AIPT: There’s a clear Friends vibe here, at least in the overall structure and scope. Is there some conversation about how much to reference or “borrow”? Or, some process for paying homage to a thing without losing its own one-ness?

SG: That stuff was on our mind, but absolutely nothing in the story really matches what happens in our book. I guess it’s like, we looked at the skeletons of these things, but then focused on stories that were real in our lives and mattered to our current generation.

OS: No question, I think we took similar things, but you can think of shows like Girls, Boy Meets World, How I Met Your Mother, and 13 Reasons Why that are totally their own thing while still having some elements of classic sitcoms. We wanted to be past that, take those old ideas and make a new timeless classic for the next generation of people discovering themselves and hopefully tell them they’re okay to be who they are.

AIPT: Springboarding off that last question, we’re far removed from the ‘90s and its quirky, relationship-centric shows a la Friends. How do you think the book reflects on modern culture, and more specifically, how young friend groups operate now?

OS: Things are soooo different from now and then, people are a lot more open to new ideas and being open with sexuality which for the first time that I’m seeing that in my lifetime. Kids are coming out as non-binary, bi, straight, and gay and probably some stuff that I’ve never heard of and for the first time. It’s changing from uncool to hip and connected, at least that’s what I’m seeing around me.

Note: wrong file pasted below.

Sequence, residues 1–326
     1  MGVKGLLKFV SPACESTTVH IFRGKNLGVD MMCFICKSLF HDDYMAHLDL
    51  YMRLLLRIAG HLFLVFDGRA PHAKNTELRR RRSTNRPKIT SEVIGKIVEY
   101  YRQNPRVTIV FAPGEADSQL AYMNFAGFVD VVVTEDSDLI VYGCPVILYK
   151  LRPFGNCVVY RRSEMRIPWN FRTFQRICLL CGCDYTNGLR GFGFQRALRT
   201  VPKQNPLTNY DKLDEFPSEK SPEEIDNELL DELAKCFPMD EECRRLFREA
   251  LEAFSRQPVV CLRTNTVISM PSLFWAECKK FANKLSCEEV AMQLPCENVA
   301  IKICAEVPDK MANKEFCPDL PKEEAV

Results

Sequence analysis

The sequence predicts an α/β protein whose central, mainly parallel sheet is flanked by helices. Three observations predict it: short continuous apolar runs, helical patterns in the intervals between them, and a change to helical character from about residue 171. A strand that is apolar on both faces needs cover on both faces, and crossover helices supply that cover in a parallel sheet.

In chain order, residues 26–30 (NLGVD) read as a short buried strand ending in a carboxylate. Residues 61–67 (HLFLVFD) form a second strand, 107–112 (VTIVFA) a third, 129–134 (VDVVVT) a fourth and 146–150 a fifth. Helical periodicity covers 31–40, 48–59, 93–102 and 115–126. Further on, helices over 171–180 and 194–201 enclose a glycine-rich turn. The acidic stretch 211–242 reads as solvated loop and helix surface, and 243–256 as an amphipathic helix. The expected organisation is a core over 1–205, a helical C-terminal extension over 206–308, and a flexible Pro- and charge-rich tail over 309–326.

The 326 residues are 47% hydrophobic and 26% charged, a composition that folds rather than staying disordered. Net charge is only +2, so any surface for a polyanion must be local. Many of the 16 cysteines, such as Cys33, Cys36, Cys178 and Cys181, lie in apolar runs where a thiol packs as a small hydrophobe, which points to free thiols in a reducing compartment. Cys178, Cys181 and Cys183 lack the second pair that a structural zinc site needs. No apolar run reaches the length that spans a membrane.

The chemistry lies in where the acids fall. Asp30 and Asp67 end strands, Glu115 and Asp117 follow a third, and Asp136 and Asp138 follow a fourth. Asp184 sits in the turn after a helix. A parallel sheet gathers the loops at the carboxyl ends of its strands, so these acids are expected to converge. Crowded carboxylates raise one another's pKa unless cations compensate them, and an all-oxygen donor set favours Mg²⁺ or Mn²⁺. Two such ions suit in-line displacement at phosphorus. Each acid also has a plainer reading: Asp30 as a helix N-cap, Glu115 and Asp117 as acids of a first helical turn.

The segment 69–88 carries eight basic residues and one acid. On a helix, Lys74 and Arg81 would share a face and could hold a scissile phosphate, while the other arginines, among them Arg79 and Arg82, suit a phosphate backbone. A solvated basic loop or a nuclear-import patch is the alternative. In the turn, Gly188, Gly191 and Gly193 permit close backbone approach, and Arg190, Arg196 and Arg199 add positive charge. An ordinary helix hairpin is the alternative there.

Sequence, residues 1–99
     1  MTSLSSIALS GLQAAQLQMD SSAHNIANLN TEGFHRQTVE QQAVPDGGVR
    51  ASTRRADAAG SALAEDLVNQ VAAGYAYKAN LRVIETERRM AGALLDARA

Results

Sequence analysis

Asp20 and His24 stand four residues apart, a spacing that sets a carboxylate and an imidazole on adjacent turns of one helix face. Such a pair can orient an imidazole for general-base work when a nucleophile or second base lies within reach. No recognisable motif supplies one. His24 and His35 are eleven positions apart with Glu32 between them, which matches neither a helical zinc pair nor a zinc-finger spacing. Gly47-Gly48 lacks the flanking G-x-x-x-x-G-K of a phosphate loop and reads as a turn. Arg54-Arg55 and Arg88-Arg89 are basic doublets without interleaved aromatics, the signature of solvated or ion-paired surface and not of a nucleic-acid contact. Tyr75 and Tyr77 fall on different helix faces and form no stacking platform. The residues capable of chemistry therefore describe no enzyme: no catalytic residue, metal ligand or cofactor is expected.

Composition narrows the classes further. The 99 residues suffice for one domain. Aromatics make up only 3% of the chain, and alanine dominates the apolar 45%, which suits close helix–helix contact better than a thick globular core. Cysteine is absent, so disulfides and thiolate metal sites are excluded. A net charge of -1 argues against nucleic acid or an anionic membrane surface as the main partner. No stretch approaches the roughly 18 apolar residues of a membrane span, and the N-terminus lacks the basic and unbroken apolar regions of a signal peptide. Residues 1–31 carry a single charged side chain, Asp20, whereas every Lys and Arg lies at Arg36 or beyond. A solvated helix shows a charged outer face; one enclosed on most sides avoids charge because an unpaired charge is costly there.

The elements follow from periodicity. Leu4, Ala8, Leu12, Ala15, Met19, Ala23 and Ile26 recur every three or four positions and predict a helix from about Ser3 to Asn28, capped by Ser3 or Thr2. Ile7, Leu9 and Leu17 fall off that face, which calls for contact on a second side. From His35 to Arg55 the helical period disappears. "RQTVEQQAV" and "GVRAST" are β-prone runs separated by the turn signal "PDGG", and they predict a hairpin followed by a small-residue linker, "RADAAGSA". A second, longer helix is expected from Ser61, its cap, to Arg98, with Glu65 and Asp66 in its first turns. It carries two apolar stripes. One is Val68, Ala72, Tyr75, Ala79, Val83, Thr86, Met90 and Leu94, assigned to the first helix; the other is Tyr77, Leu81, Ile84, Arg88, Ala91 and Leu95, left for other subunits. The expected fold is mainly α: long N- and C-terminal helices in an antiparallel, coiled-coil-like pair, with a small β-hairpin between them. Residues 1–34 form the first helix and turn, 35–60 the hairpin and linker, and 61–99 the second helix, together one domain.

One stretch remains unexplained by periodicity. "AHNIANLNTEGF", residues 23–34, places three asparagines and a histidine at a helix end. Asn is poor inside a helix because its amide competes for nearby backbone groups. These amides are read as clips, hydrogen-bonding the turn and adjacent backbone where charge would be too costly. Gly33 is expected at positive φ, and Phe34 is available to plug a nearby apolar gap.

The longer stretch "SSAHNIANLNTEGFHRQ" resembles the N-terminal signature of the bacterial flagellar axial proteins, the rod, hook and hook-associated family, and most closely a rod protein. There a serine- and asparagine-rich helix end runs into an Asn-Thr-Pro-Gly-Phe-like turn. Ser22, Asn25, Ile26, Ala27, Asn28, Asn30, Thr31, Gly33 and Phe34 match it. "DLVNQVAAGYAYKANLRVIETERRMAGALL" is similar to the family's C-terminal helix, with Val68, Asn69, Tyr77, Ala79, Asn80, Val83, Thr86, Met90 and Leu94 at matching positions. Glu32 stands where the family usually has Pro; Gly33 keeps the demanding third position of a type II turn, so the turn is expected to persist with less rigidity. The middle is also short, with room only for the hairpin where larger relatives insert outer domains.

SG: I mean, having our cast be like 1/3 queer and only 1/3 white is a huge reflection on how mine and Omar’s friend groups operate now… plus just way more candid conversation about sex. I don’t know any other comic on the stands that talks about PrEP (an HIV preventative medicine) and sounding in the same 30 pages!

AIPT: I think Jenny D. Fine is such a great artist, and her efforts really add something dynamic. How much of the art tells or informs the story? Sina, what’s it also like to write and do art for the same project (which I’m certain you’ve done before).

The two co-creators delve deep into Image's upcoming saga of young love in the East Bay.